How Does Bob Ewell Create Suspense In To Kill A Mockingbird

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To Kill a Mockingbird Questions Anisha Rai

II. The novel, To Kill a Mockingbird, is told in first person point of view by Jean Louise “Scout” Finch.

1. The setting of the novel is Maycomb County, Alabama, in the 1930s during the Great Depression. Maycomb is a tranquil, old Southern town where rumors spread like wildfire, and everyone in the town knows the background and behavior of every family living there. Maycomb has a social hierarchy based on family background, and the African Americans in the community are at the bottom of the hierarchy. There is white supremacy along with prejudice and discrimination in Maycomb. As the novel takes place during the Great Depression,
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1. The author foreshadows Bob Ewell’s attack on the Finch children. At the beginning of the story, Scout talks about Jem’s broken arm and comments that “the Ewells started it all.” Bob Ewell threatens to harm Atticus even if it took him a lifetime, and Alexandra Finch says, “His kind’d do anything to pay off a grudge.” After Tom Robinson 's death, Bob Ewell “said it made one down and about two more to go.” All these events foreshadow that Bob Ewell is definitely going to do something despicable to the Finch children.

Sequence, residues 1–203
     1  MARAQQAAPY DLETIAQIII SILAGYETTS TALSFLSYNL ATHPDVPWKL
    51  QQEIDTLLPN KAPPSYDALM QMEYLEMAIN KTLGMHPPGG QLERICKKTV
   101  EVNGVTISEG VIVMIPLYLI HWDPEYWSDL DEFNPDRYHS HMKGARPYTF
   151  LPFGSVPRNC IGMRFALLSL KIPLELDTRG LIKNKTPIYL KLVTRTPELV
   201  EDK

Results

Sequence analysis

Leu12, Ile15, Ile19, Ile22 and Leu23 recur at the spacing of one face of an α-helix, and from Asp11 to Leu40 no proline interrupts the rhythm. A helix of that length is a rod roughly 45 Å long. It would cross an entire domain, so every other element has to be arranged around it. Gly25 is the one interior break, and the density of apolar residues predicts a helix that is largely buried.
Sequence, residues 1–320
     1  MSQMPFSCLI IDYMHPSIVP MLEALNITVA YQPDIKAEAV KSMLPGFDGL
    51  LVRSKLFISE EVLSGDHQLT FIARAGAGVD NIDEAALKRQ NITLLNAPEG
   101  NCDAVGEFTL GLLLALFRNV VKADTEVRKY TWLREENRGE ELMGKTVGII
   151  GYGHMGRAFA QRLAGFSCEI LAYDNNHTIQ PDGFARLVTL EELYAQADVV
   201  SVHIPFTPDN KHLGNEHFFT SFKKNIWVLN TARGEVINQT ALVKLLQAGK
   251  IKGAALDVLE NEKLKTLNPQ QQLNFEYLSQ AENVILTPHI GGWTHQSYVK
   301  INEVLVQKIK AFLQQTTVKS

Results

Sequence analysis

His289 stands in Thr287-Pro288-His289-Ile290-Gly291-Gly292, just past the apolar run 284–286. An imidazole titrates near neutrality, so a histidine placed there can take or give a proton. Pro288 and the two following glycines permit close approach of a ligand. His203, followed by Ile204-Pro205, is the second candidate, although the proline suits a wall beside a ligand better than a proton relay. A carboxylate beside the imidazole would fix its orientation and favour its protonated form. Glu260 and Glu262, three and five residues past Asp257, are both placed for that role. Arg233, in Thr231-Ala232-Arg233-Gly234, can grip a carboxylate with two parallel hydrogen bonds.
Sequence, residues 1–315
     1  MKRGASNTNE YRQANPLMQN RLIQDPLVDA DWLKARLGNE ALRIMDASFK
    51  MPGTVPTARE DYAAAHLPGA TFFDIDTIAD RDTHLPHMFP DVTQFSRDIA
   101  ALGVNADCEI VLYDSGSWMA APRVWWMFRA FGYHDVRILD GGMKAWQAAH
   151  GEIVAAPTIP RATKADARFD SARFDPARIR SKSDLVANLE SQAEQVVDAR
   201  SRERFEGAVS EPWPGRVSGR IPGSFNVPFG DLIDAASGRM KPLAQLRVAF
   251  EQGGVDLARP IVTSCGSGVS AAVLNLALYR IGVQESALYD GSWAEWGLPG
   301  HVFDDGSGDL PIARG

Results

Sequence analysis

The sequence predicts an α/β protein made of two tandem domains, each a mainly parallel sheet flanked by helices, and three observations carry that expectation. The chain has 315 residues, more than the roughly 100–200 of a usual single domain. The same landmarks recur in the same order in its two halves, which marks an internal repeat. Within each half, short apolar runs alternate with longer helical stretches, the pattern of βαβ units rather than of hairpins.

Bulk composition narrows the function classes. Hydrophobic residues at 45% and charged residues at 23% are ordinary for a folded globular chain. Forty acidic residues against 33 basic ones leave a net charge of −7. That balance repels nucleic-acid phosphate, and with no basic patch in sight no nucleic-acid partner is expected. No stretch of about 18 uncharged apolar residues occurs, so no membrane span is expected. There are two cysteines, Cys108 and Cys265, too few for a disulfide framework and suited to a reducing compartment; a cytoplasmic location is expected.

2. The use of foreshadowing creates suspense because we know that something is definitely going to happen based on the foreshadow making us tense and anxious about what 's going to happen next. In the novel, we know that Bob Ewell is going to do something despicable to the Finches which makes us curious about what he 's going to do and how he’s going to go about it.

1. An example of a passage with good word connotation to establish mood is: “Jem and I hated her. If she was on the porch when we passed, we would be raked by her wrathful gaze, subjected to ruthless interrogation regarding our behavior, and given a melancholy prediction on what we would amount to when we grew up, which was always nothing.”(Chapter 11, paragraph

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